If the ultimate goal of paralegal practitioner programs is to make legal services affordable to the working class, their record so far is mixed. One survey found that Washington paralegal practitioners charged a median of $100 per hour. Under Minnesota’s pilot program, 20 percent of paralegal practitioners charge between $50 and $100 per hour, while 40 percent charge between $150 and $200. These rates, while significantly cheaper than a typical lawyer’s fee, are still out of reach for most lower–middle-class people.
Paralegal practitioner programs are a moderate reform, blunting—without actually rolling back—the fundamental injustice of the legal system: Wealthy plaintiffs can easily outspend poorer defendants. More than half of all civil cases involve corporations suing individuals, most prominently in debt-collection or eviction cases. The ability of corporations to hire expensive lawyers means they almost always win.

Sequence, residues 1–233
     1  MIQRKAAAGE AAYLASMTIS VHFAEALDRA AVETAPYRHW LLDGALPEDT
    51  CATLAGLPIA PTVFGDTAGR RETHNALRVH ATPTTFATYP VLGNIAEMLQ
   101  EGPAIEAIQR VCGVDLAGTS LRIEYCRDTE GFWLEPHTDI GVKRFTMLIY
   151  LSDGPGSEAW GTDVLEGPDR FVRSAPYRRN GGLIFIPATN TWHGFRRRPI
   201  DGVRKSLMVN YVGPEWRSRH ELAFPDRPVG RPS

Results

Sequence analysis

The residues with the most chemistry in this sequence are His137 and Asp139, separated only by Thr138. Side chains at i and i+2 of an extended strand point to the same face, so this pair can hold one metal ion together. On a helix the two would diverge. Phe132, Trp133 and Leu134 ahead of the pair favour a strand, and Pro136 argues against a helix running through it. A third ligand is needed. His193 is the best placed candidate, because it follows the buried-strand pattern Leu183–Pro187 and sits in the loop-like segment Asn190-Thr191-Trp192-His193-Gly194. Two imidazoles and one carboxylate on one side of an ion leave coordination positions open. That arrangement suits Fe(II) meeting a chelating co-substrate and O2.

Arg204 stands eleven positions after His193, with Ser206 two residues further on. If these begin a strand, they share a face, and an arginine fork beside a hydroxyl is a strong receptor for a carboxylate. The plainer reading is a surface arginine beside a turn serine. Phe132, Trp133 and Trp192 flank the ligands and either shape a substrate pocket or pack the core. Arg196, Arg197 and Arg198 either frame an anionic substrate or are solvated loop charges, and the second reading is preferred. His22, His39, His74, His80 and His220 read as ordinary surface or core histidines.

These new programs are also struggling to find institutional support. After the initial surge of clients in 2020, Alleman’s requests from new clients have petered out. She isn’t seeing the bar association advertise the LPP program anymore, which means that, three years in, few people in Utah seem to realize this affordable alternative even exists. “I wish I could do it as my full-time job,” she said. “But the clientele just is not there at this point.”
* This article originally misstated the number of years Alleman’s parents were together.